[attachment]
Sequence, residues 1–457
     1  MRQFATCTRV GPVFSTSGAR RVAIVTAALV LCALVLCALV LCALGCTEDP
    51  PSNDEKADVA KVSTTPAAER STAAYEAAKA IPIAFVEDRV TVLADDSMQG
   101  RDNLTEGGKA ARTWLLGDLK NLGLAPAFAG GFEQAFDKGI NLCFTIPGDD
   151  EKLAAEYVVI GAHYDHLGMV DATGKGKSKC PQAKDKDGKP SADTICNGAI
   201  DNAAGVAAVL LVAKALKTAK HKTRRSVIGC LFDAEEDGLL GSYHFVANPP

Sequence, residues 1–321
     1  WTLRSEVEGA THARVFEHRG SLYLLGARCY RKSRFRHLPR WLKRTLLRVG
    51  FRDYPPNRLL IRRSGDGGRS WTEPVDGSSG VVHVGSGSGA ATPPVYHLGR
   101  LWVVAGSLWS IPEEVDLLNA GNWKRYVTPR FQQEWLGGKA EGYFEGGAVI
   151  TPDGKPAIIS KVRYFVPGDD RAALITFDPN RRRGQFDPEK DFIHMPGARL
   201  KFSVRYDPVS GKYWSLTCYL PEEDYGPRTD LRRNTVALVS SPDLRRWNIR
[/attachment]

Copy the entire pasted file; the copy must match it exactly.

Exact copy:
Sequence, residues 1–457
     1  MRQFATCTRV GPVFSTSGAR RVAIVTAALV LCALVLCALV LCALGCTEDP
    51  PSNDEKADVA KVSTTPAAER STAAYEAAKA IPIAFVEDRV TVLADDSMQG
   101  RDNLTEGGKA ARTWLLGDLK NLGLAPAFAG GFEQAFDKGI NLCFTIPGDD
   151  EKLAAEYVVI GAHYDHLGMV DATGKGKSKC PQAKDKDGKP SADTICNGAI
   201  DNAAGVAAVL LVAKALKTAK HKTRRSVIGC LFDAEEDGLL GSYHFVANPP

Sequence, residues 1–321
     1  WTLRSEVEGA THARVFEHRG SLYLLGARCY RKSRFRHLPR WLKRTLLRVG
    51  FRDYPPNRLL IRRSGDGGRS WTEPVDGSSG VVHVGSGSGA ATPPVYHLGR
   101  LWVVAGSLWS IPEEVDLLNA GNWKRYVTPR FQQEWLGGKA EGYFEGGAVI
   151  TPDGKPAIIS KVRYFVPGDD RAALITFDPN RRRGQFDPEK DFIHMPGARL
   201  KFSVRYDPVS GKYWSLTCYL PEEDYGPRTD LRRNTVALVS SPDLRRWNIR